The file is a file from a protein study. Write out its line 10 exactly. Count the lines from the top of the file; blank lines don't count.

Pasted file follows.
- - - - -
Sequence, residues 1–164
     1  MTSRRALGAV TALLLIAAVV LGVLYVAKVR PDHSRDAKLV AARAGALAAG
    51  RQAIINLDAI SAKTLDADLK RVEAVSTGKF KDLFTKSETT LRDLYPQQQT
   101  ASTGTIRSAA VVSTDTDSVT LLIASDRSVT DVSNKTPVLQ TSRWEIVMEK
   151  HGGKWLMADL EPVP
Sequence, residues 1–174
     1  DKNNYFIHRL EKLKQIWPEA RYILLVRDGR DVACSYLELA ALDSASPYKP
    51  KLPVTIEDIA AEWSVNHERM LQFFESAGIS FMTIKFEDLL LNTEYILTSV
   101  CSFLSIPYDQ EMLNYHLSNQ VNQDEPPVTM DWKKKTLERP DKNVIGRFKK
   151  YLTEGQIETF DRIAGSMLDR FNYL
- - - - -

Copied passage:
   151  YLTEGQIETF DRIAGSMLDR FNYL